Humpback whales are behaving strangely and scientists want to know why

Humpback whales could be oceans' superheroes
Humpback whales could be oceans' superheroes

    JUST WATCHED

    Humpback whales could be oceans' superheroes

MUST WATCH

Humpback whales could be oceans' superheroes 01:14

Story highlights

  • Researchers and members of the public spot massive groups of humpback whales
  • Whale experts say this is a new behavior pattern

(CNN)Humpback whales are suddenly hanging out in massive, densely packed "super groups" and scientists are trying to figure out why.

It's a curious phenomenon that's been spotted off the coast of South Africa by researchers and the general public.
Their meet-up spot is far away from where humpback whales usually summer in the Antarctic. The groups swell from 20 to 200 and they are focused on one thing -- feeding.
A "super group" of humpback whales are spotted west of Crayfish Factory on the west coast of the Cape Peninsula, South Africa.
"When you're in a small boat with 200 humpback whales around you -- they're 14-meter animals -- and you've got whales popping up all around you, it's a really incredible experience," lead researcher Ken Findlay told CNN.
He and his colleagues from South Africa's Department of Environmental Affairs believe that these "super groups" feeding together is a relatively recent behavior, they wrote in PLOS One.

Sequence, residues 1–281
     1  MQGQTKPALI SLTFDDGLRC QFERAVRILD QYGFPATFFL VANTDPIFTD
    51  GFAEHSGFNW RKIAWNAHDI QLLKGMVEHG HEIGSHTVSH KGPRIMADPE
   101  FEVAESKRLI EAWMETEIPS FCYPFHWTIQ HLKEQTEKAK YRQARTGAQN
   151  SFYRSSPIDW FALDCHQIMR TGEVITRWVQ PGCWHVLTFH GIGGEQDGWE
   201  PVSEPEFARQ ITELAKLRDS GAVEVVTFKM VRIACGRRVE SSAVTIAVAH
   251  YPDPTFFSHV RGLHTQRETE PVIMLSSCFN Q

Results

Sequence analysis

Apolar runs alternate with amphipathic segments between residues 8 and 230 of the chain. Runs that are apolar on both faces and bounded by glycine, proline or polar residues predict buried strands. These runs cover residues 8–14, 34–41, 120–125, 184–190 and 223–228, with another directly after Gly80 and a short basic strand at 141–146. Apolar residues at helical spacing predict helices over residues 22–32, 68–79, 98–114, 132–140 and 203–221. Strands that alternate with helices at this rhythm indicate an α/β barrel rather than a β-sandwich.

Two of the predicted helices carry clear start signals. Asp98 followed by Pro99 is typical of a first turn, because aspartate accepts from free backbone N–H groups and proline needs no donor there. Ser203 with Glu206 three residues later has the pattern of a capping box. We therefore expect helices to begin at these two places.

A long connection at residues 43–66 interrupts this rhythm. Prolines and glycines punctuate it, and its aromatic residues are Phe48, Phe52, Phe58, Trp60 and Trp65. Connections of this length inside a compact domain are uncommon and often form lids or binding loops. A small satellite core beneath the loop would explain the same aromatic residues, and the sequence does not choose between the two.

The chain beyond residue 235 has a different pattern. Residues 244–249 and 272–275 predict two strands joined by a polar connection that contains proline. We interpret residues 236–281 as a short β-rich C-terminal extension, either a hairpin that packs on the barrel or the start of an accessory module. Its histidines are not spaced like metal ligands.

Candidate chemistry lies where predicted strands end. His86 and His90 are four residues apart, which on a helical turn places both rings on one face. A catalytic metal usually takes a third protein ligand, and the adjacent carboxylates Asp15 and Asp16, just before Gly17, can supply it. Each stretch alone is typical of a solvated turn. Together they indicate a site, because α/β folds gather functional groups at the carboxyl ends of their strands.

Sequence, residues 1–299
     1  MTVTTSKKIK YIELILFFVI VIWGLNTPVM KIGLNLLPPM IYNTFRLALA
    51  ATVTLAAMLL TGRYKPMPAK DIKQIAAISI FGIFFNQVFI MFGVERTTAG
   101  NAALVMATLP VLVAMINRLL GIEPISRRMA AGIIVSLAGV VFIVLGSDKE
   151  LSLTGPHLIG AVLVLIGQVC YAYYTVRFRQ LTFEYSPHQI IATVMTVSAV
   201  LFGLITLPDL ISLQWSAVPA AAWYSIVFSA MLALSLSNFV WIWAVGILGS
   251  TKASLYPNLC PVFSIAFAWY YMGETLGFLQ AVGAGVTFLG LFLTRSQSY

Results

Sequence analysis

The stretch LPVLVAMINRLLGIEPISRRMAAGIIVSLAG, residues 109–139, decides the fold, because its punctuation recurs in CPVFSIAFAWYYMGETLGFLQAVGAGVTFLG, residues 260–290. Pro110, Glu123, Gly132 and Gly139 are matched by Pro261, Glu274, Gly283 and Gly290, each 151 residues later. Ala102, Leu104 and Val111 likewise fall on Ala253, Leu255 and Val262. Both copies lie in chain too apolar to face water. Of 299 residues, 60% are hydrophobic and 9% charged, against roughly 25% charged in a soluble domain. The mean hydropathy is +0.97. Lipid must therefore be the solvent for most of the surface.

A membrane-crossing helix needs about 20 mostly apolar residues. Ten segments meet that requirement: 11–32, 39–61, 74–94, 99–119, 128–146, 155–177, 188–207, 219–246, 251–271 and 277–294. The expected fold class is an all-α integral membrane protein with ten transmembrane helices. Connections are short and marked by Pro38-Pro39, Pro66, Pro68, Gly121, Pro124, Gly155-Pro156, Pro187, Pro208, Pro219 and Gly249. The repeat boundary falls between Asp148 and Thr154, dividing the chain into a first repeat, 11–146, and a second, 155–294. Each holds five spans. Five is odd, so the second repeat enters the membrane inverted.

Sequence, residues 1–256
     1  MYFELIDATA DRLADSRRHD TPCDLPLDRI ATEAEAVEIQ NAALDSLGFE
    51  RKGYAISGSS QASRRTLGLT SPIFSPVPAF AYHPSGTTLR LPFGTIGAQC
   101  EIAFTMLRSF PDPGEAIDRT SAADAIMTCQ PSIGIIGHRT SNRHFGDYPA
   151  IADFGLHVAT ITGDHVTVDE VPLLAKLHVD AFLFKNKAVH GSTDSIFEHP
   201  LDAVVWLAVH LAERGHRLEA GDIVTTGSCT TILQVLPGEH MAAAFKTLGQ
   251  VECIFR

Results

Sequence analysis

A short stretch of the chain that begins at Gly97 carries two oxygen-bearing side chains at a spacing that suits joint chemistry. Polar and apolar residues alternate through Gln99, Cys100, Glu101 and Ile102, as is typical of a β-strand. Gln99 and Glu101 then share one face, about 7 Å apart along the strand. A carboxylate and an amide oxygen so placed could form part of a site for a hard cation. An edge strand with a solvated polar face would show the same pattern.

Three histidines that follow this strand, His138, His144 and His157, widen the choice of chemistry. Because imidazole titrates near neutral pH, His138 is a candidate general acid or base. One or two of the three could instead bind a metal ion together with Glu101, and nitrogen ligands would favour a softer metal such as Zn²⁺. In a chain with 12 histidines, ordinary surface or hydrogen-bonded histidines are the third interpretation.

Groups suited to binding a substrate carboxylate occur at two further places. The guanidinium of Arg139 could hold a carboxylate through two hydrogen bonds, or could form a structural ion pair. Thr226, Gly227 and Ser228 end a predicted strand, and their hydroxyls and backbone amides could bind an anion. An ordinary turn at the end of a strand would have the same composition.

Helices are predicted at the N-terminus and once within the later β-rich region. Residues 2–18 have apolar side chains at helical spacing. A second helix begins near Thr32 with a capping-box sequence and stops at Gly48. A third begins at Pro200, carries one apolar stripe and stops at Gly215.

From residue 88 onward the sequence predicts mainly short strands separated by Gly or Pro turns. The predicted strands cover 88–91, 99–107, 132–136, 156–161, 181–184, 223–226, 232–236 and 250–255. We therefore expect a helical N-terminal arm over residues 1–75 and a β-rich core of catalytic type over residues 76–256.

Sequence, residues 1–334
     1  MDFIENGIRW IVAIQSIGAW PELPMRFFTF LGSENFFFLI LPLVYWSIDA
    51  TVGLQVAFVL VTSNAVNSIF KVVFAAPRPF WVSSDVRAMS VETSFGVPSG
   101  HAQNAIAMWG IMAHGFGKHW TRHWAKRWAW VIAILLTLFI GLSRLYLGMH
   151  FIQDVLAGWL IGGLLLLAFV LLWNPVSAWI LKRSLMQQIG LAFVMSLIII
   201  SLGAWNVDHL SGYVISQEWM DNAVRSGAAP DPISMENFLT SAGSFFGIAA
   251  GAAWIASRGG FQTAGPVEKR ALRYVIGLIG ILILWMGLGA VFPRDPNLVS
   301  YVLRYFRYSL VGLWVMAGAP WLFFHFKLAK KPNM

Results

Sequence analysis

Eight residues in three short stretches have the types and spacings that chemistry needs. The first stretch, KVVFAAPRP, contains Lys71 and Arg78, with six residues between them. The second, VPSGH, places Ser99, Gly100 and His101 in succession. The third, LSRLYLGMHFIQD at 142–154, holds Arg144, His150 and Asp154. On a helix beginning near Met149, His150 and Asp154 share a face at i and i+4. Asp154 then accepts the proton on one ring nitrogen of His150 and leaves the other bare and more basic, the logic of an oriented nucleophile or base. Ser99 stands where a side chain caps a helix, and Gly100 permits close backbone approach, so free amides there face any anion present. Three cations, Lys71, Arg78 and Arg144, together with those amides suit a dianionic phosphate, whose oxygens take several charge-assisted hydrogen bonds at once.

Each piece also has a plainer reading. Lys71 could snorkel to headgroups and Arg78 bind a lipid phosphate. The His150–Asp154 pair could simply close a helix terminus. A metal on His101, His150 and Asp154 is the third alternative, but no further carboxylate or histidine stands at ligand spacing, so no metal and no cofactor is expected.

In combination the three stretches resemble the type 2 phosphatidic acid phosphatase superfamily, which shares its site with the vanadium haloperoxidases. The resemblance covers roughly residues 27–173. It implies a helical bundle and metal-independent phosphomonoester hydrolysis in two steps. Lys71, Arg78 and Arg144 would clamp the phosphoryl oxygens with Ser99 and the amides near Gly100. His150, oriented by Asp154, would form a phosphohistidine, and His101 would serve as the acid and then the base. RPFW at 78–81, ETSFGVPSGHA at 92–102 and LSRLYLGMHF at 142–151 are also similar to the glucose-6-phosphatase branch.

They observed the whales lunging, repeatedly diving and letting out the "pungent 'fishy' smell of whale blows." Research cruises observed this behavior in 2011, 2014 and 2015 during the months of October and November, which are spring-summer months in South Africa.
The "super groups" seemed fluid, as some whales joined them but then left. Researchers observed that some whales traveled from afar to join the massive groups.
Giant whale stuns kayakers
Giant whale stuns kayakers

    JUST WATCHED

    Giant whale stuns kayakers

MUST WATCH

Giant whale stuns kayakers 02:04
As the New Scientist pointed out, humpback whales aren't known for being social. They're usually spotted alone, in pairs or in small groups that don't stay together long.
"Reasons for this recent novel behavior pattern remain speculative," researchers wrote, but it could be due to increasing numbers of humpback whales in the region or the abundance of prey.
But researchers couldn't identify what kind of prey prompted this massive meet-up.
"There is something a little mysterious about it, but it's not mysterious that it's happening, it's the how it's happening and the why it's happening," Findlay said. "We need time to unpack those questions."
He said he and fellow researchers plan to publish a series of papers on the phenomenon. "I've been in humpback research since the late 1980s and we've never seen anything like this before."
The spotting of so many super groups do mean something exciting for the state of these majestic creatures.
"What we found here is reflective of the abilities of these animals to bounce back from very severe whaling pressure in the last century. Over 200,000 humpback whales were taken from the Southern hemisphere last century," Findlay said.
"It absolutely amazed me that 30 to 40 years later, we've seen these populations rebounding as they are. That gives me hope. It tells me something about the state of the ocean."